Has anyone successfully transacted a "subject to existing financing" deal in Wisconsin?
My agent is telling me that it is impossible to deed a property in Wisconsin with existing financing on it, but I do not see why the seller could not quit claim the property to my LLC and I take over payment of the mortgage for 12 months until I can do a cash out re-fi.
I'd love to know how these deals make sense for a seller. Because the note is still in their name as well as the insurance but the title is with the buyer. What situations would a seller agree to do this? How do you sell it to them?
@Brant Jones the problem is that the seller has pledged his collateral to the bank and while it is technically possible to deeed a property, the title company will raise a red flag, because the lender is not paid off and has a lien on the title.
I have seen a lot of deals in the last 12 years, but never one of those..
Here is what I would do: a lease with an option to purchase. You will have a lease with the seller, so you can move in and do the repairs you want to do and you have the exlusive right to purchase for a set price and at a set time. Wisconsin has a state contract for that labeled WB-44.
The risk for the seller is that you screw up the construction. You are spending money one a property that is not yours yet.
So this is a possibility, but clean solutions are always the best. Why don't you just buy it with a hard money loan and then fix it up?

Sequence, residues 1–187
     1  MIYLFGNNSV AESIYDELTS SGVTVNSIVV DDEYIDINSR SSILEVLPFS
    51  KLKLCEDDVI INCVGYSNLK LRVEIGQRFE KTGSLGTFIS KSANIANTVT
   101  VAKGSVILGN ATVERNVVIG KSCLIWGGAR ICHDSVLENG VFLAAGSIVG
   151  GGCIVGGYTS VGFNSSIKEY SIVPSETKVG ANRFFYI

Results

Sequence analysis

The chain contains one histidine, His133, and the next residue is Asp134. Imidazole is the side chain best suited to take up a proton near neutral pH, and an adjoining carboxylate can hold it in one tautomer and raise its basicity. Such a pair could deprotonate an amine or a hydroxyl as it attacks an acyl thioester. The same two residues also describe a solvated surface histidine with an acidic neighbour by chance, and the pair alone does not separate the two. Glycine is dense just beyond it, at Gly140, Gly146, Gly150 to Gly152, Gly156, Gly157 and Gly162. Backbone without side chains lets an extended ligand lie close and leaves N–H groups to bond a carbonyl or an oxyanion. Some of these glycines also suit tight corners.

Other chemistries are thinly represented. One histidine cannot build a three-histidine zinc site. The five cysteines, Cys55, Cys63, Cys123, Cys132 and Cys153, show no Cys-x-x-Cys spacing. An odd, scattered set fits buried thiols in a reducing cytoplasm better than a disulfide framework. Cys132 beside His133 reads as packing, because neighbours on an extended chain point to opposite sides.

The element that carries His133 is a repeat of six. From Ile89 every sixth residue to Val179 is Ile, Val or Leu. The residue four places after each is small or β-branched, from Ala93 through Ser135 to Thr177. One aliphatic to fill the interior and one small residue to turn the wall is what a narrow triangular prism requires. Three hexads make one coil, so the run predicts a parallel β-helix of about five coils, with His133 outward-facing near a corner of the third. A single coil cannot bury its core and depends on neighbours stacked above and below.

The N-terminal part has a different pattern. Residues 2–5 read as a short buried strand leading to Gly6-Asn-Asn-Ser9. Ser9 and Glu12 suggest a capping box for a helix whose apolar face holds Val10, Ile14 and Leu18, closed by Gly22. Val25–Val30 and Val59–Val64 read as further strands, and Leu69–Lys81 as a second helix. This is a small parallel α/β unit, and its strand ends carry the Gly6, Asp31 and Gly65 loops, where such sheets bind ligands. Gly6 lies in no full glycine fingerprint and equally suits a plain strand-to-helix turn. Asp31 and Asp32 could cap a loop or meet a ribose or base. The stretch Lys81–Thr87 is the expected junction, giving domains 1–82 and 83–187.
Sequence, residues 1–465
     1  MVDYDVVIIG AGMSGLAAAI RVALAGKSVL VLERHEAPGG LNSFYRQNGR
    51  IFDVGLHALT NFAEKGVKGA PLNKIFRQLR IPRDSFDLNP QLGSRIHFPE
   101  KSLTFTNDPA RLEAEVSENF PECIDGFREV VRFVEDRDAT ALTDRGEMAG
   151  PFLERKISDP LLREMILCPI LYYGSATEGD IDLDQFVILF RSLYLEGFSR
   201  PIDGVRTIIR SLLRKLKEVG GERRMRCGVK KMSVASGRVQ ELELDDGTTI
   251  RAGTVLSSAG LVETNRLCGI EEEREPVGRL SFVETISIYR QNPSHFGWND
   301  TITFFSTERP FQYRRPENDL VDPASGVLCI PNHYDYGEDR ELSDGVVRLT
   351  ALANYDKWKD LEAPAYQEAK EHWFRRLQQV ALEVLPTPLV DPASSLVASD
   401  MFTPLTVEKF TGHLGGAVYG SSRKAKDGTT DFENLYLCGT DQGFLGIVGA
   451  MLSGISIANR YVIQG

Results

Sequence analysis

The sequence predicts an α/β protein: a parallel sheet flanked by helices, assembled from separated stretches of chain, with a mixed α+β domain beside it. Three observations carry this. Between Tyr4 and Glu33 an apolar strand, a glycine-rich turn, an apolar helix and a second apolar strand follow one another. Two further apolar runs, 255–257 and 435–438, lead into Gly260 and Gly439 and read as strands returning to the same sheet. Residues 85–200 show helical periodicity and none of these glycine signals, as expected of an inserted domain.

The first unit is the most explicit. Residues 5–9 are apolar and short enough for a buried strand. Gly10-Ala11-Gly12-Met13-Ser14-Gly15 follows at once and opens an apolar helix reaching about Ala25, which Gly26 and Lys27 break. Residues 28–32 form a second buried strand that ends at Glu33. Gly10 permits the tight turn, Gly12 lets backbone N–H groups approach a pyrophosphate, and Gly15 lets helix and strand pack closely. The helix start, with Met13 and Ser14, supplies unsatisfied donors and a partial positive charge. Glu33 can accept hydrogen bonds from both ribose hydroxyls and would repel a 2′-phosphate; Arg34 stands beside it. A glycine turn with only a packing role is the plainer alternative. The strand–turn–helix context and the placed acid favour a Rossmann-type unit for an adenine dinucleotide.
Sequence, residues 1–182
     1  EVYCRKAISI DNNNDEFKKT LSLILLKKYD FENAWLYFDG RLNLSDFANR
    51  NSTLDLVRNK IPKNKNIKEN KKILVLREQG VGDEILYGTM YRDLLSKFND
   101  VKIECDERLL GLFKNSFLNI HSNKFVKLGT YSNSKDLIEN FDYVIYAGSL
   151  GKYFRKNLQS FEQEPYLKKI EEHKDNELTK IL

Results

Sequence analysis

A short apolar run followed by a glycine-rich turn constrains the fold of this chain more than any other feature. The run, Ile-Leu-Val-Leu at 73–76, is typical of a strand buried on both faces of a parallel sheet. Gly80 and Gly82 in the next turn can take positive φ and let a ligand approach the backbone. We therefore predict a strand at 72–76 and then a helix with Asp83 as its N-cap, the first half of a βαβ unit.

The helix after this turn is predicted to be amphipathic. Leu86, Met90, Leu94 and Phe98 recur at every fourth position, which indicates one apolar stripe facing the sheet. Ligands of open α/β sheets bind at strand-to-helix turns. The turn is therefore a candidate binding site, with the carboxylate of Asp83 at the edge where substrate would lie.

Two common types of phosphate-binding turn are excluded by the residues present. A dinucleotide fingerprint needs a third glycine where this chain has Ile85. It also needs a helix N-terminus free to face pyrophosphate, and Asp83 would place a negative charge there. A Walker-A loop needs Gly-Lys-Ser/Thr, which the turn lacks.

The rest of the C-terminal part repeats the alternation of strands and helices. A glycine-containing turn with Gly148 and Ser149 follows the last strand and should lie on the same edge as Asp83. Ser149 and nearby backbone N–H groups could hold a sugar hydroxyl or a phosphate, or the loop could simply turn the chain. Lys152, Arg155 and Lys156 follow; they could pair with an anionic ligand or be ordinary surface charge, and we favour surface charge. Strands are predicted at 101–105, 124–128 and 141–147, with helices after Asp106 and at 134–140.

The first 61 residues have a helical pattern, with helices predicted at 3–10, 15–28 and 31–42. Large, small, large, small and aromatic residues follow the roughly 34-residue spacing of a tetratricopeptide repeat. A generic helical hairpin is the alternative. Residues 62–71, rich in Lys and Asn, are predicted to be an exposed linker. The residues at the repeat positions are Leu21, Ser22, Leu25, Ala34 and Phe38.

@Marcus Auerbach , great perspective!
The lease option is interesting, but I worry since there are already tenants in place how that would muddy the waters, legally, i.e. which "tenant" would the seller be evicting if things went sideways.
The hard money loan is an option, just looking at path of least resistance given the current state of affairs and potential for tenants losing their jobs, non-payment of rent, etc. The seller's current mortgage terms are more attractive than hard money terms, providing us more runway to carry the property if necessary.
@Brant Jones the tenant lease suboridnates to your master lease. If you break your lease you will not get evicted, you just simply violated the option contract and lost your option money. The tenants payment comes to you, so if they default that is your problem.
Bottom line, none of these come without issues, that's why you raerely ever see them. An outright purchase is just the way to go; I prefer bank money, if you start out family money or private money is probably the best, but if you are not in a position to guarantee repayment it's probably a bad idea.
I would love to hear from people who do Subject 2 deals. Is the property underwater? What are the circumstances that would warrant this type of sale. Lets say the mortgagee does not call the loan balance due in full on the transfer of title, how is insurance handled.
To deal with insurance I read that a Land Trust can be used to name the seller as the beneficiary, and the buyer as the trustee, with power to deal with all aspects of the property, including insurance. A new policy naming both the land trust beneficiary and trustee(s) as the policy loss payees satisfies most lender requirements. Not having done this yet, I am curious to hear from someone like @Jay Hinrichs on how this has been done in real life.